The political Debate in Peru worries Financial Markets

The sanitary and economic crisis is now compounded by the prospect of a new unrepresentative President


Covid-19 Exchange rate Exchange rates

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The pandemic is creating a strong differentiation between different areas of the world. Latin America is, without any doubt, the most penalized one, both because of pre-existing economic difficulties and because of its weaker capacity to manage the health emergency. In the IMF's most recent forecast scenario, the region is projected to grow by only 4.6% in 2021, against a 7% drop in economic activity levels in 2020. Only in 2022 will Latin America's activity levels be higher, and only slightly, than pre-pandemic levels.
The sanitary emergency has brought to light the weakness of the continent's health structures, but also of its political institutions, which are incapable of proposing and implementing effective strategies to contain the contagion.
Brazil, led by the "denier" Bolsonaro, is certainly the most dramatic case. But, equally dramatic, is the sanitary crisis in Peru, where the attempt to implement lockdown policies has failed due to the high share of irregular labor, that has not made possible for workers and their families to comply with government restrictions. As a result, Peru has joined Brazil in the number of deaths from Covid19 as a percentage of the population.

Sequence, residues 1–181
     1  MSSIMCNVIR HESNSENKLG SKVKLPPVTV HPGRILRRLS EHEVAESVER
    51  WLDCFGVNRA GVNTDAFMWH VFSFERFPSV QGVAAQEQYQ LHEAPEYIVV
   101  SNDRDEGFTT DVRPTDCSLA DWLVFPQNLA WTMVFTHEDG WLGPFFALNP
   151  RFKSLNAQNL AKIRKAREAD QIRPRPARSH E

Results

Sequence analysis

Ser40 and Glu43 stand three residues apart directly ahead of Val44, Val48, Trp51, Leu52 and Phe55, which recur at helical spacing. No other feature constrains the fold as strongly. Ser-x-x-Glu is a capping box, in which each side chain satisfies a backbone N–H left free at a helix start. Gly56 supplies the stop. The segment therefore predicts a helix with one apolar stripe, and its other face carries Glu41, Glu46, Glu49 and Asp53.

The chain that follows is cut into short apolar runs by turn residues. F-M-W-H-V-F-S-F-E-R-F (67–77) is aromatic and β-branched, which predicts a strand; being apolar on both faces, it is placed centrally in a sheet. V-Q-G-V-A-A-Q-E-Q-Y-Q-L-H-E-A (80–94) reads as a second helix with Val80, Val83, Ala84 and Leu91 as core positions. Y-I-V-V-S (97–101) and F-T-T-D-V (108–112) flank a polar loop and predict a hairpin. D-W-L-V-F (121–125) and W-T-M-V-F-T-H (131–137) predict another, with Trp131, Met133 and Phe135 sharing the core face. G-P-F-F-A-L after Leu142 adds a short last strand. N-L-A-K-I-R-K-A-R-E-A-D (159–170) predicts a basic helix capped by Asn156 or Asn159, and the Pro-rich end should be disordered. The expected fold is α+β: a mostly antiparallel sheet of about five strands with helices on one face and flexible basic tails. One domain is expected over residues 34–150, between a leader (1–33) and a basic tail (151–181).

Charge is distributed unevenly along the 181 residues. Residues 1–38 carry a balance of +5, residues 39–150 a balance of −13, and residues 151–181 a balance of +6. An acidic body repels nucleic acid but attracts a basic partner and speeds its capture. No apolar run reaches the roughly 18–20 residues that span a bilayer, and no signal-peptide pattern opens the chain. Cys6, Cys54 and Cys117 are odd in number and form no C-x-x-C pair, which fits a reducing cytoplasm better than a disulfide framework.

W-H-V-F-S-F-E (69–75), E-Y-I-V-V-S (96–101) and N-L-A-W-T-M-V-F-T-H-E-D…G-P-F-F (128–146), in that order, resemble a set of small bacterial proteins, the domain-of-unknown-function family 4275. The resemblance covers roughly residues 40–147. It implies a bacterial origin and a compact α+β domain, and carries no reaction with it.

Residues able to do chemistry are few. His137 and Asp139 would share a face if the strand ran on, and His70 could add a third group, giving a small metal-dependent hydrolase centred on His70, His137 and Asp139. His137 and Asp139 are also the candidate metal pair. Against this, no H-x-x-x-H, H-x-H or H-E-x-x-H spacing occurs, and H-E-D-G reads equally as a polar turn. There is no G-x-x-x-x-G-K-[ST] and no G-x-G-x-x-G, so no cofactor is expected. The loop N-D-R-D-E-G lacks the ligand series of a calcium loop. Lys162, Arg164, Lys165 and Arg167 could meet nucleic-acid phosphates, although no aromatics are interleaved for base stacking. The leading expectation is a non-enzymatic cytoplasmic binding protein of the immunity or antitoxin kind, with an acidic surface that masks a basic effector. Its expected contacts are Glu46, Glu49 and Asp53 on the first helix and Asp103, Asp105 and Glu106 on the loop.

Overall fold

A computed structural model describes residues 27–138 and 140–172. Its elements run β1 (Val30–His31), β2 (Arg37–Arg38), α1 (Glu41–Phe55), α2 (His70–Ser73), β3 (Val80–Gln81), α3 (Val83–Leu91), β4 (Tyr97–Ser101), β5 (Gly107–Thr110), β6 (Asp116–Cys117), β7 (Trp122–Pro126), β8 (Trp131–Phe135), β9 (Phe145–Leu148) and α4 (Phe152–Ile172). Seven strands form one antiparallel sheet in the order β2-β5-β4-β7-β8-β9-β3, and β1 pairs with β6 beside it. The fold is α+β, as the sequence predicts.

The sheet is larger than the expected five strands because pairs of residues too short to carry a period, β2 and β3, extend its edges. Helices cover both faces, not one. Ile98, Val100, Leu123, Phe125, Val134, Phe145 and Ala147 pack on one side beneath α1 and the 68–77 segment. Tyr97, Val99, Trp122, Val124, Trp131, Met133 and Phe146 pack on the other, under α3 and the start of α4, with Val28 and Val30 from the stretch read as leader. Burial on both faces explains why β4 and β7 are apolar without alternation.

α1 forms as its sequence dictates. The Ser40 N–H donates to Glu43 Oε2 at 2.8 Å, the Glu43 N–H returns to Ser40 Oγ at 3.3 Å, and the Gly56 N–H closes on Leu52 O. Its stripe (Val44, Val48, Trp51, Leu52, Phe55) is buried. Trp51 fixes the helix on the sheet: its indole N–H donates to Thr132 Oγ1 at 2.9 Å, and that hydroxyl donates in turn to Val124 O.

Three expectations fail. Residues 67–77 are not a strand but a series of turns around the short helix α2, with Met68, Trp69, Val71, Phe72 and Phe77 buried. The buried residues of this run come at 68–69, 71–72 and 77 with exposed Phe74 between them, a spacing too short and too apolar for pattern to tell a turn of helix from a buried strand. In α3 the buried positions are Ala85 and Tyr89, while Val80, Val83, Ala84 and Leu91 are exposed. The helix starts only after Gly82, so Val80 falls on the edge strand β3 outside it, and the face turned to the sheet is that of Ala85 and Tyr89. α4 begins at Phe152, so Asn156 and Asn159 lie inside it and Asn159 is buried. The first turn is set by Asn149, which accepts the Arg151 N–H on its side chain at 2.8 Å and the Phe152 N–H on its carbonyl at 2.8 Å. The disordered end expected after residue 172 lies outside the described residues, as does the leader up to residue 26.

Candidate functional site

COVID-19 deaths per 1000 population

A political crisis is now adding to the sanitary and economic crisis. Pedro Castillo (a professor, close to the peasants and the poorest classes of the country) and Keiko Fujimori (daughter of former president Fujimori, on whom there are accusations and convictions for corruption, murders and serious violations of human rights) unexpectedly won the first round of the presidential elections on April 11. In the runoff election on June 6, two opposing economic and social visions will be compared: the first is statist, an expression of forgotten Peru and the poorest regions; the second is neoliberal, an expression of the capital and the wealthiest classes in the country. The confrontation between these two extreme positions is radicalizing the political clash, foreshadowing a future political and institutional weakness of the country, whoever emerges as the winner.

The overlapping of these crises was registered by the financial markets with a parallel weakening of the Peruvian currency and an increase in interest rates. The chart below shows the exchange rate of the New Sol per dollar and the spread between the rates on Peru's 10-year bonds compared to those in the United States

Peru: exchange rate and interest rates

As can be seen in the graph, from mid-February to today, the exchange rate has gone from 3.65 to 3.82 sols per dollar; the rate spread from 2.6 to 3.8. It is interesting to note that in the days leading up to the April 11th elections, the prospect of victory by less radicalized candidates had in part reduced the rate spread and, above all, led to a significant appreciation of the Nuevo Sol. The phase of weakening of the exchange rate and the increase in rates then resumed quickly after April 18th, when the result of the elections was made official.

Also in the case of Peru, the sanitary crisis is increasingly revealing how the quality of a country's institutions and political confrontation is fundamental to its social and economic development.